[emphasis in italics in the original]
Iqbal: “Now the music of the Palestinian group ‘Le Trio Joubran’ has caught the attention of some of the world’s top musicians. The trio comprises three brothers who all play the oud – a stringed lute-like instrument. Martin Vennard spoke with one of the brothers – Adnan Joubran – and asked how they came to work with the Pink Floyd musician Roger Waters on their new album ‘The Long March’.”
BBC World Service audiences were not informed that the Joubran brothers were in fact all born in Nazareth.
Rather than an interview, what listeners actually heard was a monologue from Adnan Joubran in which he began by talking about music – and promoting the trio’s recently released album – but which soon turned political.
[Music] Joubran: “We’ve heard by a common friend that he likes our music and he does listen to our music. And we went to New York and we called him and he invited us to his house for a dinner and over this dinner he made us listen to his new album. He played for us in the house on his guitar ‘Wait For Her’ – his last track with the poem of Mahmoud Darwish – knowing that we have collaborated with Mahmoud Darwish, the Palestinian biggest poet. And he kind of asked us for our blessing because Mahmoud Darwish has died in 2008 and he wants to feel that he is doing the right thing. And then we shared with him our project ‘The Long March’ and we said if you feel that you wish to write something and to sing something with us, that would be big honour. And we dedicated this track to the four kids who were killed in Gaza beach – bombed by the Israelis. [Music] Whether they were targeted or by mistake – as the army is saying – they are still human.”
The incident to which Joubran refers occurred in July 2014 during Operation Protective Edge. The subsequent investigation by the Military Attorney General showed that the four boys who were unfortunately killed were in a Hamas military installation at the time and were mistaken for terrorists.
Although that information has been in the public domain for well over three years, the BBC World Service nevertheless obviously had no qualms about broadcasting Joubran’s promotion of the inaccurate notion that the boys may have been deliberately “targeted”.
Again without listeners being informed that he and his brothers hail from the northern Israeli town of Nazareth (and how come they are exempt from Roger Waters’ long-standing BDS campaign against Israel and Israelis), Joubran continued:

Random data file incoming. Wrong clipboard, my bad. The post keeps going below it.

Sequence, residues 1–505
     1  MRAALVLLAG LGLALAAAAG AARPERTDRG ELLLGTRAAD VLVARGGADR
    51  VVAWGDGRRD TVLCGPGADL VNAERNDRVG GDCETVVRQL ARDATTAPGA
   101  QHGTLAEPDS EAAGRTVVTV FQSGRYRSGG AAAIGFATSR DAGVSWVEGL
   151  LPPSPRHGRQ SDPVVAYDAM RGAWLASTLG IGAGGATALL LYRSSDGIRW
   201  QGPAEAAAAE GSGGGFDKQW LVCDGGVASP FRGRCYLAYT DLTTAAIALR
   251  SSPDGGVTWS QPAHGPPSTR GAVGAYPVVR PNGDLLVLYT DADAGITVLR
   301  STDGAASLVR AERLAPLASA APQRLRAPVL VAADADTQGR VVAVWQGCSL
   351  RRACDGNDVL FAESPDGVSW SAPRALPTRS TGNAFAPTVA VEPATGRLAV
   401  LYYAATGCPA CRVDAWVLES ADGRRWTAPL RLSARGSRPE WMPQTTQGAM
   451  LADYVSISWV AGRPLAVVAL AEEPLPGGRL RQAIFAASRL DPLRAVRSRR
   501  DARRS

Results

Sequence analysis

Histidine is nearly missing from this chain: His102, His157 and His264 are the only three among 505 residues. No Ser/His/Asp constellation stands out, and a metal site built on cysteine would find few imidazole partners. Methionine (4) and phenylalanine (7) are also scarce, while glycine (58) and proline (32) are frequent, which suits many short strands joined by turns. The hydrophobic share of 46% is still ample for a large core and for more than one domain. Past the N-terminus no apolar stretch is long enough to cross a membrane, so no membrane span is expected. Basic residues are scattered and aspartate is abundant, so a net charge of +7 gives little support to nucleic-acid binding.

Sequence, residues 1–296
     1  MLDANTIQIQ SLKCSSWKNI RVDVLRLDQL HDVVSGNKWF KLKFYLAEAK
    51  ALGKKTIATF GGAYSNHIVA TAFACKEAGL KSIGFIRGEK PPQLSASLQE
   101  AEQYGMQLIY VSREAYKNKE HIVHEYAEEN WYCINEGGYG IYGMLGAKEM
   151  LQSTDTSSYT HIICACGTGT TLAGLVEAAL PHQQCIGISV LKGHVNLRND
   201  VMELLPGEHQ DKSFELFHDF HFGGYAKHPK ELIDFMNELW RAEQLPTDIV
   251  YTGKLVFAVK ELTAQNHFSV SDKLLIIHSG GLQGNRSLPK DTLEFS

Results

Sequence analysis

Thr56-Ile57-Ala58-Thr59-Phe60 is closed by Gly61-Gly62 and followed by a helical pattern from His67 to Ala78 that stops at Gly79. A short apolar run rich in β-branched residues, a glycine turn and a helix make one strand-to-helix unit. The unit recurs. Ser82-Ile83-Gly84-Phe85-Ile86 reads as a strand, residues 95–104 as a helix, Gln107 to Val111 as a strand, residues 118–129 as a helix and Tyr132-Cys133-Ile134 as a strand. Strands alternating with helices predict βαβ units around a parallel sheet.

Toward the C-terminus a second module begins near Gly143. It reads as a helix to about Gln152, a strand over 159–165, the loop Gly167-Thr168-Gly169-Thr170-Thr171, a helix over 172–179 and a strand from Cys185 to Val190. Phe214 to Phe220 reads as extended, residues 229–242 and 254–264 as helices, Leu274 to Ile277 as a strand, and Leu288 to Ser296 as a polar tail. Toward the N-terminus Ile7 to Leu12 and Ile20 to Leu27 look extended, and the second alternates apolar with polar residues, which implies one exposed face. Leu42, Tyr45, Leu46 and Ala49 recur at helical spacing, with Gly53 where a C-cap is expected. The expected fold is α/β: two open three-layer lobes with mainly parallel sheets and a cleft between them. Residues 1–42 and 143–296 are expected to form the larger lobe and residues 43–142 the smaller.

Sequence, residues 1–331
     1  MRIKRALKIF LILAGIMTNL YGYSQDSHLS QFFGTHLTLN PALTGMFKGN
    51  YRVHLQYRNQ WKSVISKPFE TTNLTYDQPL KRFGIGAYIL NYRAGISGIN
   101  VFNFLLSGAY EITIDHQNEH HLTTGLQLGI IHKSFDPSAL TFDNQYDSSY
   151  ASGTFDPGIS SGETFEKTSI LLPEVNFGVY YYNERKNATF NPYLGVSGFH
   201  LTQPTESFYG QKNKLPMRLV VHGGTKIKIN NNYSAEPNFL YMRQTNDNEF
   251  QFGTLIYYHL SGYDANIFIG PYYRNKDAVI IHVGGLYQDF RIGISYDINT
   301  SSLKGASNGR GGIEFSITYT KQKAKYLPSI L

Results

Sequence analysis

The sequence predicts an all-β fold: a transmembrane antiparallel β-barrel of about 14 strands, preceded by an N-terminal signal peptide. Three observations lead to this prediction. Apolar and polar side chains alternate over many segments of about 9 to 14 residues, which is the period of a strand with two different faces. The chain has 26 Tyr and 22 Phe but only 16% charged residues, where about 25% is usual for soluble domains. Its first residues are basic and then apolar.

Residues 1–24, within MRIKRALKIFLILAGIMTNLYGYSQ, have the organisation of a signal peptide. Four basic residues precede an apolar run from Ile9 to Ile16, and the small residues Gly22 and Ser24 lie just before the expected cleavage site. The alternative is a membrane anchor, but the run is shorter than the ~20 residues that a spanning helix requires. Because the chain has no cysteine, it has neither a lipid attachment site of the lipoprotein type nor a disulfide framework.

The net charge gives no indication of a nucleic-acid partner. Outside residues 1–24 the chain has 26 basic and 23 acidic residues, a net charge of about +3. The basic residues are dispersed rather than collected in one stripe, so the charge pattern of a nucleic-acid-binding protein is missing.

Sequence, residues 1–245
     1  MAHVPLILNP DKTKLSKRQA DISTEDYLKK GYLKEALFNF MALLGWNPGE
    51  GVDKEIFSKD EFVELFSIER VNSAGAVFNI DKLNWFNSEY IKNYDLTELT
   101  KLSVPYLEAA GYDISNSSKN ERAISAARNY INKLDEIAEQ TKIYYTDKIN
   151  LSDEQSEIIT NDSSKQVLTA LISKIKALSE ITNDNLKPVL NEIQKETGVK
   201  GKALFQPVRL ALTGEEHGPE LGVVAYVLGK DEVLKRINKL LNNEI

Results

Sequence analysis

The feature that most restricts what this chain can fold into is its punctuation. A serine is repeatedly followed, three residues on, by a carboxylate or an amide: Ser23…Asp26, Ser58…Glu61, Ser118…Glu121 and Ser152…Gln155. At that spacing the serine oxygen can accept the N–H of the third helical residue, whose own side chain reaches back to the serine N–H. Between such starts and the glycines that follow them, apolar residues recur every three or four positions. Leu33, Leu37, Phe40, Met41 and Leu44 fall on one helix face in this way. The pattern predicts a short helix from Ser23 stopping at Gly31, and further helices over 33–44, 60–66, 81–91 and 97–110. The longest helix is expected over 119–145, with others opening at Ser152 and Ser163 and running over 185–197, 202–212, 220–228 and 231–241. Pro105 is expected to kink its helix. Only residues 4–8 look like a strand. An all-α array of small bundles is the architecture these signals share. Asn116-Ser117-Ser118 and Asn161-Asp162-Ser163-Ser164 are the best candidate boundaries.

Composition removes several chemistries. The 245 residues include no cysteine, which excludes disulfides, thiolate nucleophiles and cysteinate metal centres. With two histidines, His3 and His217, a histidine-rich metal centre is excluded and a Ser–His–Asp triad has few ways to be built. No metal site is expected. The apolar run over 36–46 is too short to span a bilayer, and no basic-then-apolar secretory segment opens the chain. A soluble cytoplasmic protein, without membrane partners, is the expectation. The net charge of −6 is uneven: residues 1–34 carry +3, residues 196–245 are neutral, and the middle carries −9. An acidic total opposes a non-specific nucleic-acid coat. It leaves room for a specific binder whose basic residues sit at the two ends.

[Recitation] Joubran: “Mahmoud Darwish had taught us as Trio Joubran how to be able to be today a musician from Palestine and not only a Palestinian musician. On the track ‘Time Must Go By’ this is the voice of Mahmoud Darwish. [Recitation] In 2017 we had the honour to collaborate with the British artist Banksy. He invited a lot of musicians – international musicians – so that was fortunate for us to collaborate with the British musician Brian Eno. And we worked together in his studio. We came here me and Wissam and Samir to London and we worked in his studio. Such a big honour to visit such a legend in music and in also he is for us one of the leading names in digital art and we have made the tracks [unintelligible].”
Apparently in response to an unheard question, Joubran then returned to politics:
[Music] Joubran: “We as Palestinians of course we have a sympathy for all the religions whether Jewish or Christians or Muslims. Today I wish to say that there will be an end for this conflict in Israel and Palestine. Probably I don’t sound optimistic. We’re fighting since 70 years. So I would love to say that I have to be optimistic for peace.”
Iqbal: “An optimistic Adnan Joubran speaking to my colleague Martin Vennard.”
The format of this ‘interview’ by Martin Vennard obviously did not allow for questioning of Joubran’s statements and so BBC World Service listeners heard an unchallenged monologue in which a narrative that had already been shown to be inaccurate over three years ago was recycled.